budget

Althouse

At long last, the Legislature's Joint Finance committee is going to decide how to pay for roads and plug a $1 billion hole in the state's transportation budget. The panel is scheduled to meet today to vote on transportation, one of the few remaining items left to tackle, after a long delay in debate over the biennial spending plan. Typically, lawmakers approve the budget before the end of June.

AGCREATIVELAB, FOTOLIA

Wisconsin's K-12 schools are on target to see more money in the next two years – just not quite as much as they’d originally been promised by the Governor.

It was months ago that we first heard about Gov. Scott Walker’s K-12 funding proposal for the current two-year state budget. Since February, Walker has been touring the state, touting a record $649 million increase for state spending on public schools.

Walker has called education a ‘top priority’ for the new biennium.

Marti Mikkelson

Mayor Tom Barrett said an increase to Milwaukee’s sales tax is necessary to balance a tight city budget. While previewing city budget challenges Tuesday night, he told about 100 people at the Zeidler Municipal Building that the city faces a dire budget situation for 2018, and called the current fiscal model unsustainable. 

Barrett said in the past few years, pension costs that the city pays to retirees have skyrocketed while the state has cut back on shared revenue payments to municipalities.

Justin W Kern

It's been nearly a month since lawmakers were supposed to pass a state budget, and discussions remain at a standstill.  The issue that continues to hold up talks, is how to pay for roads.  Legislative leaders are trying to figure out how to plug a billion dollar hole in the transportation budget, without delaying major projects such as the Zoo Interchange.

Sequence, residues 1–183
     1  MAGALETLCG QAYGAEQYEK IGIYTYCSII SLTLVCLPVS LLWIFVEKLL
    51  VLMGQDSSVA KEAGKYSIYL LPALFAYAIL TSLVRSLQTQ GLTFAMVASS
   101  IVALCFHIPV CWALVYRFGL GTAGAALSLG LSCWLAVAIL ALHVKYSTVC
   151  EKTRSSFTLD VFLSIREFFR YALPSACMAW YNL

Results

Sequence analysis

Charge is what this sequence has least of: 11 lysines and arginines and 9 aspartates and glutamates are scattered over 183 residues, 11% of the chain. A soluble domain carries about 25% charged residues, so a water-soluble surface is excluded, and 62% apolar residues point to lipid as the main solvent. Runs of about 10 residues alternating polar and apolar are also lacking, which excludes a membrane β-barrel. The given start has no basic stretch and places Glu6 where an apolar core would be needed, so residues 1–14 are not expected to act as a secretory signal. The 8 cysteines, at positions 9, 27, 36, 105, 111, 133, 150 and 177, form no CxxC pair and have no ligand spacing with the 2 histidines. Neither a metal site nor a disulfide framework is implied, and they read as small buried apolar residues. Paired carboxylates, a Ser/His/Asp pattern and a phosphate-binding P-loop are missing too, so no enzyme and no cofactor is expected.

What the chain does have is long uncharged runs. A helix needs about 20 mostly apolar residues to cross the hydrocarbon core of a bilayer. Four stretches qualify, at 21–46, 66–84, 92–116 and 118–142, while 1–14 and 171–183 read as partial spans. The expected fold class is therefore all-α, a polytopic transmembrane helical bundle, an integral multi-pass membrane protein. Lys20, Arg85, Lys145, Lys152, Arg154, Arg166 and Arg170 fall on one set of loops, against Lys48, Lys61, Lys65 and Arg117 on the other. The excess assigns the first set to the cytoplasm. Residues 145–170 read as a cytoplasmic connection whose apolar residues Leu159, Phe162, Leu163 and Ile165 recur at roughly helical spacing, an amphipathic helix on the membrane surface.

State budget discussions remain at a standstill. That’s despite plenty of ideas being thrown around. The issue the GOP lawmakers are hung up on, is transportation. They’re trying to figure out how to plug a $1 billion hole in the transportation budget, without delaying major projects such as the Zoo Interchange. It’s not the first time lawmakers have argued over how to pay for roads. Transportation has been a difficult issue in the past few budget cycles.

Wisconsin Amtrak Service at Risk in Trump Budget

Jun 23, 2017
NateBeal via Wiki Commons

There are two Amtrak routes that run through Wisconsin - the Hiawatha, which carries passengers between Milwaukee and Chicago; and the Empire Builder, which transects the state as it makes its way from Chicago to the Pacific Northwest.  President Trump's proposed budget would eliminate the Empire Builder, and that - say rail advocates - would put the Hiawatha at risk, as well.

Althouse

State lawmakers on the budget writing committee Thursday rejected Gov. Walker’s proposed switch to a self-insurance model for state employees. Instead, the panel came up with other ways to save money. One of those methods likely would lead to an increase in health care premiums for state workers.

Justin W Kern

State budget talks have stalled in Madison, as has happened in the past. Wisconsin lawmakers hope to pass a two-year spending plan by June 30, but it appears unlikely.